Sharron Bennett

University of Otago, where medical students did not adequately complete their placements.

It is “highly likely” a scam in which University of Otago medical students faked their internship documents so they could go on overseas holidays was not a one off, an investigation has found.

In October 2019, Stuff revealed some final year students did not complete their term-long placements at foreign hospitals. They went travelling instead.

Fifty students were later found to have committed academic misconduct. The findings from an independent investigation was released on Wednesday.

The inquiry found was it was “likely that some insufficient attendance did occur in prior years”.

One Otago Medical School staff member told the inquiry, a student – who graduated several years before 2019 – confessed to having not attended any part of the elective and heard other students had done likewise.

The staff member passed this information on to senior leadership at the time, but no action was taken.

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The students each received a $26,756 government stipend to fund their final year of study, including travel for their placements.

The university has repaid the Tertiary Education Commission (TEC) $156,178, which is a proportion of the trainee intern grant it received and disbursed to students in previous years.

Reports surfaced at the time that the scam was not isolated to the 2019 cohort, and also it occurred in previous years.


One in five final-year University of Otago medical students will not graduate this year after faking documents for their overseas work placements.

The investigation was carried out by a three-person panel, led by independent chair emeritus professor Nicholas Glasgow, of the College of Health and Medicine at Australian National University.

It also sought to determine the extent, if any, to which University of Otago staff were aware of, or encouraged, insufficient elective attendance and/or the submission of misleading elective reports.

Otago Medical School graduates from 2015 to 2019 were invited to make written submissions and the panel conducted 14 interviews and received 25 written submissions.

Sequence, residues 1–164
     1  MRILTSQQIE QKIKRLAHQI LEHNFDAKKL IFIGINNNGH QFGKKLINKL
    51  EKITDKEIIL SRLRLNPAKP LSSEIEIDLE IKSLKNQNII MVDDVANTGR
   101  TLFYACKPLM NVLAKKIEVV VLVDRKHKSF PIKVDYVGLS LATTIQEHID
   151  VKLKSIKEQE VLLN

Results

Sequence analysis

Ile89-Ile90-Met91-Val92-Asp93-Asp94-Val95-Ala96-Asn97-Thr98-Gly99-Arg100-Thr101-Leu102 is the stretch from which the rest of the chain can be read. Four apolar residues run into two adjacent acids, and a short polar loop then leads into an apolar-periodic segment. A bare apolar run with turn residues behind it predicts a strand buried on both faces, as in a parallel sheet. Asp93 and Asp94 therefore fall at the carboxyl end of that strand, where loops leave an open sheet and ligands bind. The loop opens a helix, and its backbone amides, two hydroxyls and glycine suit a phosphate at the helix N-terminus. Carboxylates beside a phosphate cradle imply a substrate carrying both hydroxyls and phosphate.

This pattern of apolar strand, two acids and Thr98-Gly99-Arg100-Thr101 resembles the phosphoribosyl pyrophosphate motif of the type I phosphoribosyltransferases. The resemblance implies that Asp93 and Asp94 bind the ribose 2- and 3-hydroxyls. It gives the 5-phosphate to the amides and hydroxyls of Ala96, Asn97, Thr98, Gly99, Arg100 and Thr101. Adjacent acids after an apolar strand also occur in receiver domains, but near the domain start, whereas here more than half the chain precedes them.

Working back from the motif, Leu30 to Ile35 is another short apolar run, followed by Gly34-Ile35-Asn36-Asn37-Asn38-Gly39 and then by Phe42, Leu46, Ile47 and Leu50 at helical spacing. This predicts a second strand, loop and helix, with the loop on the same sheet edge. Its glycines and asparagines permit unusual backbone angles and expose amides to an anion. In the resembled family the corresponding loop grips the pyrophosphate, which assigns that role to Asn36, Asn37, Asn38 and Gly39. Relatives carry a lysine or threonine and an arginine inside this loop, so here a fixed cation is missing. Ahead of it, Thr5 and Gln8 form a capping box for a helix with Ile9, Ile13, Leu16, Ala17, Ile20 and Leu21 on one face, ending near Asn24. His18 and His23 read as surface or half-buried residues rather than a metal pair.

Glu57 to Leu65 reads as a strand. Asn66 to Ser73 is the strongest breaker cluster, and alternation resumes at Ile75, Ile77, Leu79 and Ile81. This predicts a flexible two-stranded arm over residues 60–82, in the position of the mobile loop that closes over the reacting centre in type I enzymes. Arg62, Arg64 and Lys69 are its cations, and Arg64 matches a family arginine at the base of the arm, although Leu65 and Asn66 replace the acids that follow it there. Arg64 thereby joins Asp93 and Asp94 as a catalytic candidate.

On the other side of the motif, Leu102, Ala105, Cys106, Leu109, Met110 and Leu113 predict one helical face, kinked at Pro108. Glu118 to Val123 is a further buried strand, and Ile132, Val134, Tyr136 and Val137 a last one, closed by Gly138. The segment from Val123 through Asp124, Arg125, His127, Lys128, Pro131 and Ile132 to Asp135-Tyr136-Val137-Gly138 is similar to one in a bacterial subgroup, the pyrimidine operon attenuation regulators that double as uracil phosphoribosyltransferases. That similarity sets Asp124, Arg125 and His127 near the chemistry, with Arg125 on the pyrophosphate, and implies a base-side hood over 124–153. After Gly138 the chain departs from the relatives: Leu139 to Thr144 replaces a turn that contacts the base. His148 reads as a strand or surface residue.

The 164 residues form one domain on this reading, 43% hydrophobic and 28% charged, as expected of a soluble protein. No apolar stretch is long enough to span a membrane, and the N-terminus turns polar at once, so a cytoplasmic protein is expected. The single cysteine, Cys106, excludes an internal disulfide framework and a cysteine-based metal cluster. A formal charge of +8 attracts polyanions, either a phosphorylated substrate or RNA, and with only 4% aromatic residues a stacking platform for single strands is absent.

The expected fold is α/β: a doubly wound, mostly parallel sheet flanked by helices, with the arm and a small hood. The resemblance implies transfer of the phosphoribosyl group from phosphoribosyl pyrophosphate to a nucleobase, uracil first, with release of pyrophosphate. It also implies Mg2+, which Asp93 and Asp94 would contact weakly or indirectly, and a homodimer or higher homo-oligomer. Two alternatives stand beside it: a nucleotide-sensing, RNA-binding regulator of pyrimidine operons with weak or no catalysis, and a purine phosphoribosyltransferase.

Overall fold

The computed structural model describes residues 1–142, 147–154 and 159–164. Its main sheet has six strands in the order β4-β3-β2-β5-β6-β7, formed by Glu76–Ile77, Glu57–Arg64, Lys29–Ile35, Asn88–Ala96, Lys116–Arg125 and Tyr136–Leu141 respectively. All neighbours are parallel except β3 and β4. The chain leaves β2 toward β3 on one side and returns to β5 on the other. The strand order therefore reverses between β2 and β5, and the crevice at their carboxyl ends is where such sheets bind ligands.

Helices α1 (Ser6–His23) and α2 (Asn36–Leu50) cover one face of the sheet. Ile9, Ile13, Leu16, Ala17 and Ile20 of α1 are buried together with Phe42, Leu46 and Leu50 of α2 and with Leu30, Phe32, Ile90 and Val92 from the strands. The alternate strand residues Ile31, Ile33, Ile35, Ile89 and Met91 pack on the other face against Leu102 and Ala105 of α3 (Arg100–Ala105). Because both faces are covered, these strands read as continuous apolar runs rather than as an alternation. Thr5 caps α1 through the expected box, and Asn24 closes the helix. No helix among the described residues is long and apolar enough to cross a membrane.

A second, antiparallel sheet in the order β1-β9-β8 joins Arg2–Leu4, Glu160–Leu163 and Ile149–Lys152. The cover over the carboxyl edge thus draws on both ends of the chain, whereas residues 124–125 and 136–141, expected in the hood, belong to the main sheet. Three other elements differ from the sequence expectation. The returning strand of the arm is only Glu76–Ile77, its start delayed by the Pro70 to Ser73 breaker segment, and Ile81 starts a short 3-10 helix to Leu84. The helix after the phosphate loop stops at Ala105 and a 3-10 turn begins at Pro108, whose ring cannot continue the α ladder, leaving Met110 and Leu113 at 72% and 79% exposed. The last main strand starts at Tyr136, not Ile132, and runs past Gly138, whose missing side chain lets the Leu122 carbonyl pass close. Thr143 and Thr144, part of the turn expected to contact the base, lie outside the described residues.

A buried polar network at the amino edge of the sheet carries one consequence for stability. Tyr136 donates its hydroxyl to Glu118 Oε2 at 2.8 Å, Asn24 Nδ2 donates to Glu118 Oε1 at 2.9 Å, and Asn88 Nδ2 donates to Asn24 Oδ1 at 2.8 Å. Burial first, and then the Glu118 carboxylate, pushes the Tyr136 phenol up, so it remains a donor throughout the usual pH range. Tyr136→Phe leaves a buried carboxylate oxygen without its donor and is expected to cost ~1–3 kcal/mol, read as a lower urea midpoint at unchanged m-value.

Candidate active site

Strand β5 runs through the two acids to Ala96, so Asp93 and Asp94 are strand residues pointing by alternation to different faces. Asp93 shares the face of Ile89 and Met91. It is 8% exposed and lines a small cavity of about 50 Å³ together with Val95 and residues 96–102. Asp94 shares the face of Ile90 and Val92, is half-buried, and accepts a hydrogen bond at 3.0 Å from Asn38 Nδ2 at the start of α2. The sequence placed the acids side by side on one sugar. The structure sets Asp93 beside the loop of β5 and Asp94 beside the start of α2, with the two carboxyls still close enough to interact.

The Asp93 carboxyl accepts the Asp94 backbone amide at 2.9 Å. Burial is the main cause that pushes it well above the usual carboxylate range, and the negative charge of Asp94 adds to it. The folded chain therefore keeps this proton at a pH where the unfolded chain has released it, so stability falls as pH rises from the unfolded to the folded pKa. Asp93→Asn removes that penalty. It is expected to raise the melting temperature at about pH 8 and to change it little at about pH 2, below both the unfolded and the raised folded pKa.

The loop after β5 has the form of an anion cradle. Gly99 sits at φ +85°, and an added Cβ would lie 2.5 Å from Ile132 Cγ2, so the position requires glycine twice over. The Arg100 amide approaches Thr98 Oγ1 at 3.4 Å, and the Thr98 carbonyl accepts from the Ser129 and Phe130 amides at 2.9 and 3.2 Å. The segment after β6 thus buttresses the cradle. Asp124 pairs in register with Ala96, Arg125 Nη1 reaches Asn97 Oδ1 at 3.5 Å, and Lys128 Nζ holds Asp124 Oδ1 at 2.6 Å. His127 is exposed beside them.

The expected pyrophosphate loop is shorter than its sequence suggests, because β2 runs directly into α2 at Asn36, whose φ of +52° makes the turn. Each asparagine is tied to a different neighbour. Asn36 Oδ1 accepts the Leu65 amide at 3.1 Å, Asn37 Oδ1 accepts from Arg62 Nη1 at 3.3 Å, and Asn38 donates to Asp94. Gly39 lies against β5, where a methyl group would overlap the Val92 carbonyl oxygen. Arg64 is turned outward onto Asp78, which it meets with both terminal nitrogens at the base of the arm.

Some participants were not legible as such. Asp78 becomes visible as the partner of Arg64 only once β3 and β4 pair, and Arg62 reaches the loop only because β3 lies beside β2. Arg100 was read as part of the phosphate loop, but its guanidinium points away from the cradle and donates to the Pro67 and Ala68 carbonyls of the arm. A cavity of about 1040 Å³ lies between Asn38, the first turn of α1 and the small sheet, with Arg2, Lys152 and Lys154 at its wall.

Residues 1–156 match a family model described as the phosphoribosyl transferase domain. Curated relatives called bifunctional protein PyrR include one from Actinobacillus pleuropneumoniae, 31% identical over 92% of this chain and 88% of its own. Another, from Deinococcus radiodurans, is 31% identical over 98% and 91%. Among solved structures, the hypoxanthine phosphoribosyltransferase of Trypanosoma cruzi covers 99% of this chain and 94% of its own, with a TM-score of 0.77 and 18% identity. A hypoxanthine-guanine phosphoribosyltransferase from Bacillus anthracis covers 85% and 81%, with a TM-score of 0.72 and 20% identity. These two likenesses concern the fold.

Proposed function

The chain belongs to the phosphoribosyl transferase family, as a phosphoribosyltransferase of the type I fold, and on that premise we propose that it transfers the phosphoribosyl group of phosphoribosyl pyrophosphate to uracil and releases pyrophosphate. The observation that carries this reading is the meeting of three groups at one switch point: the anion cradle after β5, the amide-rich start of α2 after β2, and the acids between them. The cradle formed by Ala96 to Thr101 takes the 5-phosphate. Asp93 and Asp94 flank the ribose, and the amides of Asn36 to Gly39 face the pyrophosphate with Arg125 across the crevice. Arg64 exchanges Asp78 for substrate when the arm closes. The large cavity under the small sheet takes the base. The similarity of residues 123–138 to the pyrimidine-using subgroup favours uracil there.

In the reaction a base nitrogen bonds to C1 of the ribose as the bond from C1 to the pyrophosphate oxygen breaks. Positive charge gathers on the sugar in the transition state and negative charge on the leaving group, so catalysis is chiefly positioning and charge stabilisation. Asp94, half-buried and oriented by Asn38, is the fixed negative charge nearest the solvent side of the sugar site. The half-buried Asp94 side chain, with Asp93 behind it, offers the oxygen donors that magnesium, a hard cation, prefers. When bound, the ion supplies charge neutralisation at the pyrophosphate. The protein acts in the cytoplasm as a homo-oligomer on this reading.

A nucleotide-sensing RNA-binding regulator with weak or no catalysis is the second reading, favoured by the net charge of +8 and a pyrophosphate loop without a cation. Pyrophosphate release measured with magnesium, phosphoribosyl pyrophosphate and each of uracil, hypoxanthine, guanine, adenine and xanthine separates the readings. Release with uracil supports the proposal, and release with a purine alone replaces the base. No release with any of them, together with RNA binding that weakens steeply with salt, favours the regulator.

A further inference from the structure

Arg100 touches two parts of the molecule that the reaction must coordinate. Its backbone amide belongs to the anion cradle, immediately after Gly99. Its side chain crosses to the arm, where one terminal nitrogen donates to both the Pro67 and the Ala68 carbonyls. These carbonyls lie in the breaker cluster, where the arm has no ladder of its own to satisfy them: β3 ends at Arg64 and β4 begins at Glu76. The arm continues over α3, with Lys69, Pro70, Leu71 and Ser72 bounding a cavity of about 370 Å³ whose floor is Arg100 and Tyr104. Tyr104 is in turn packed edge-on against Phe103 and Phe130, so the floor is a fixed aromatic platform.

Some students “thought they could interpret the regulations in a permissive manner for a number of years prior to 2019”, the report said.

The panel received “consistent accounts” from people who heard of unnamed students not attending 11 weeks of an elective module.

These had consistent themes – to “see the sights”, “have fun”, “go and have a good time” and “make the most of the opportunity”.

While submissions from students demonstrated a “pervasive belief” that insufficient attendance “was common and had been so for years”.

“While some of the behaviour of the 2019 cohort was unacceptable, it was not the first year in which elements of this behaviour had occurred,” the report said.

Hamish McNeilly/Stuff

Speaking in November 2019, professor Barry Taylor, then dean of Otago Medical School, said it was “extremely disappointing to the medical school, and to me personally”.

The panel found “no grounds for believing any staff of the Medical School encouraged unethical behaviour”, but the “systems in place were ill‐equipped to deal with such behaviour”.

“Students had been led to believe by a wide variety of sources that sightseeing was acceptable in addition to the clinical work expected of them.”

A “high-trust culture” was in place giving students responsibility to organise their placements and supervisors in the host medical school/hospital, but this led to a “lack of quality control”.

University of Otago acting vice-chancellor professor Helen Nicholson was “heartened the panel found no grounds for believing any staff encouraged any unethical or unprofessional behaviour.”

“Importantly, neither the university nor the Medical Council have any concerns around the clinical competence of the students involved in 2019, who are now in practice.”

The panel was not able to identify specific cases of insufficient elective attendance by trainee interns prior to 2019, she said.

“However, the university accepts the panel’s finding that it is likely that some insufficient attendance did occur in prior years.”

No further action would be taken, Nicholson said.

The focus was now on ensuring the university had “robust systems in place so that this situation cannot occur again”.


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